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Reviews of If on a winter's night a traveler (1979)

Review by mojosmom (2005-04-11)
Count me among those who love this novel. To describe the plot is difficult. You (the Reader) have purchased a copy of Italo Calvino's new novel, If on a winter's night a traveler. You discover that there is an error in the binding, and that your signatures repeat. When you go to exchange the book, you are given a different book, but discover that it has nothing to do with the one you read yesterday. Similar disasters occur, and as you try to find complete copies of the novels, the first chapters of which are reproduced here, you find yourself and "the woman" (Ludmilla) encountering yourselves in the books. And all have a mysterious connection.

Oh, this is sheer delight! From the skewering of academia (" . . . during the reading there must be some who underline the reflections of production methods, others the processes of reification, others the sublimation of repression, others the sexual semantic codes, others the metalanguages of the body,others the transgression of roles . . . "), to the satirization of publishers ("Ah, you've come to collect the manuscript? No, we haven't found it, do just be patient a bit longer, it'll turn up, nothing is ever lost here, only today we found a manuscript we'd been looking for these past ten years, oh, not another ten years, we'll find yours sooner, at least let's hope so, we have so many manuscripts, piles this high, if you like we'll show them to you, of course you want your own, not somebody else's, that's obvious, I mean we preserve so many manuscripts we don't care a fig about, we'd hardly throw away yours which means so much to us, no, not to publish it, it means so much for us to give it back to you"), Calvino gives us a humorous and incisive look at the pleasures and terrors of being a reader, as we hunt for books. Who among us cannot identify with this trip to the bookstore:

. . . you have forced your way through the shop past the thick barricade of Books You Haven't Read, which were frowning at you from the tables and shelves, trying to cow you. But you know you must neer allow yourself to be awed, that among them there extend for acres and acres the Books You Needn't Read, the Books Made For Purposes Other Than Reading, Books Read Even Before You Open Them Since They Belong To The Category Of Books Read Before Being Written. And thus you pass the outer girdle of ramparts, but then you are attacked by the infantry of Books That If You Had More Than One Life You Would Certainly Read But Unfortunately Your Days Are Numbered. With a rapid maneuver you bypass them and move into the phalanxes of the Books You Mean To Read But There Are Others You Must Read First, the Books Too Expensive Now And You'll Wait Till They're Remaindered, the Books ditto When They Come Out In Paperback, Books You Can Borrow From Somebody, Books That Everybody's Read So It's As If You Had Read Them, Too.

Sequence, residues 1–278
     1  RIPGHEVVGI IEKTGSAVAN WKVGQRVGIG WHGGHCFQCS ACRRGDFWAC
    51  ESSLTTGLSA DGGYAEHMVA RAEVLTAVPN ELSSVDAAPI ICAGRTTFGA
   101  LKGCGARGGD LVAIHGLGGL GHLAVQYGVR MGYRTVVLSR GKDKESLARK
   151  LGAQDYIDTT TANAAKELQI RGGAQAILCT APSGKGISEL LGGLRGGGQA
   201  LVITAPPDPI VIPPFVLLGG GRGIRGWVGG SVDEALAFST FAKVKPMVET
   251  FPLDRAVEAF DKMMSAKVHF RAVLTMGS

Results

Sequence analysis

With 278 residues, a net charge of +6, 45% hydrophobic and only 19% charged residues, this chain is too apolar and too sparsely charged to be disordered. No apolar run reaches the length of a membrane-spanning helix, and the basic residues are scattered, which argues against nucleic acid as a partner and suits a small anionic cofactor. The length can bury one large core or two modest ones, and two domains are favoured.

Our Reader inspects the home of the Other Reader. And, as many of us are wont to do, he inspects the books, not only their titles, but their arrangement, their locations, and from this he deduces that she is not a Reader Who Rereads, that she reads several books at the same time, different things for different hours of the day.

I love this book's complexity, its surprises. I love its stylistic conceits. I recommend you buy it, so that you can "begin reading Italo Calvino's new novel, If on a winter's night a traveler. Relax. Concentrate. Dispel every other thought. Let the world around you fade. " Enjoy.


Review by clong (2005-03-19)
This is an unusual, thought provoking book. It is not really a novel in the traditional sense; it is a series of completely unrelated snippets of novels, linked by a story about two readers who desperately want to read any or all of these novels to their completion, but who are prevented from doing so by a convoluted, comical series of coincidences.

It is very explicitly a novel about the act of writing, and the act of reading, and the role of the author and the role of the reader. It is reminiscent of the work of Luigi Pirandello, but with the added benefit of wit and charm. The prose is a pleasure to read.

Review by Jago360 (2004-11-26)
Definitely a book with a unique premise: the story is about you, the reader, who has just bought (or thought you bought) Italo Calvino's new book. The chapters alternate between the storyline of the reader trying to obtain a complete copy of the book, and various excerpts taken from other pieces of literature within the world of the book that, despite first appearances, fit together in some way or other.

The above sentence is probably rather confusing, just like the book it describes. "If on a winter's night a traveller" is most definitely not a conventional book; it attempts, with some success, to bring together many different styles of literature and connect them through interlocking storylines that seem initially seem rather discrete.

It's a valiant effort and worth reading simply for the novelty; however, as far as cohesive literature goes, Calvino's book stumbles a bit. It is difficult to follow the thread of the two main storylines and even tougher to keep straight the many "subplots" (though each subplot is more like a miniature storyline of its own), and tends to come off as a collection of short stories more than anything else.

Still, this book is probably unlike anything you've read before, and as such is worth a look. A word of advice, however: if, after the first few chapters, you find that characters and places are running together in your mind, be warned that it will only get worse.




©Steven Jeffery / IBList.com, 2012
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